Fungi: Dangerous and important pathogens
Dr. Ana Alastruey-Izquierdo, Instituto de Salud Carlos III – Spain
Ana works on the identification, diagnosis, and antifungal resistance of fungal infections. Furthermore, she has been working on the Fungal Priority Pathogen List by WHO which has been released recently. She will inform you about fungi we have forgotten about.
Climate change impact on vector-borne diseases
Dr. Marina Treskova, University Heidelberg – Germany
Climate change directly and indirectly affects infectious diseases. In this lecture, we will focus on vector-borne infections such as dengue and Zika, explore how climate affects the spatio-temporal distribution of these infections, and discuss potential mechanisms of the climate change impacts and the methods to study these impacts.
MycetOS, open source drug discovery for mycetoma
Dr. Wendy van de Sande, Erasmus MC – The Netherlands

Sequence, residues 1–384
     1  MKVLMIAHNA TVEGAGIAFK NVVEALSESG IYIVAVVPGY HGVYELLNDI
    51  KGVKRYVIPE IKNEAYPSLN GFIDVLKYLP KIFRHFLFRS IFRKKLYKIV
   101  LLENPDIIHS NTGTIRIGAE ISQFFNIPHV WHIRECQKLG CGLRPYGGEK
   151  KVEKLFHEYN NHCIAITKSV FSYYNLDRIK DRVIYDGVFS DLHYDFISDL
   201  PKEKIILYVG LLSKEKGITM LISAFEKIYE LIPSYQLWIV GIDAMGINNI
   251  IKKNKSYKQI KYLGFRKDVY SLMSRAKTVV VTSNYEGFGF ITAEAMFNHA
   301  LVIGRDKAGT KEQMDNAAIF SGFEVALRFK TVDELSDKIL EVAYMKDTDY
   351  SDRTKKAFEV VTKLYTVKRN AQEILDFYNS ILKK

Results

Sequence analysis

Mycetoma is a Neglected tropical disease which manifest as tumorous lesions in the subcutaneous tissue. Most commonly the feet are affected. Mycetoma can be caused by either bacteria (actinomycetoma) or fungi (eumycetoma) and especially the latter is difficult to treat. Treatment of eumycetoma consist of a combination of antifungal therapy and surgery. Unfortunately, even though patients are treated for years, the success rates of this therapy are poor and recurrences are common. One of the reasons behind this poor treatment response is that once entered into the host, the fungus organizes itself in a protective structure called a grain. Within the grain the fungal hyphae are embedded in a cement material which is surrounded by a neutrophil zone and a collagen capsule. This grain cannot be formed in vitro, which makes it difficult to identify drugs with activity in mycetoma. Therefore in order to identify drugs for mycetoma we use an approach in which we first identify which drugs can inhibit the hyphae of Madurella mycetomatis, the most common causative agent of mycetoma. Then we use an invertebrate model to form mycetoma grains and determine the in vivo efficacy. For this program we use an open source approach, which means that everyone in the world can participate. For this Medicines for Malaria Venture donated their Open Access compound boxes, chemists and chemistry students are synthesizing compounds and students from different regions in the world helped us with the screening process. During this lecture you will learn about the tropical neglected infectious disease mycetoma, the different models we developed and use to screen the compounds created and how a drug discovery project can be run using an open science approach.
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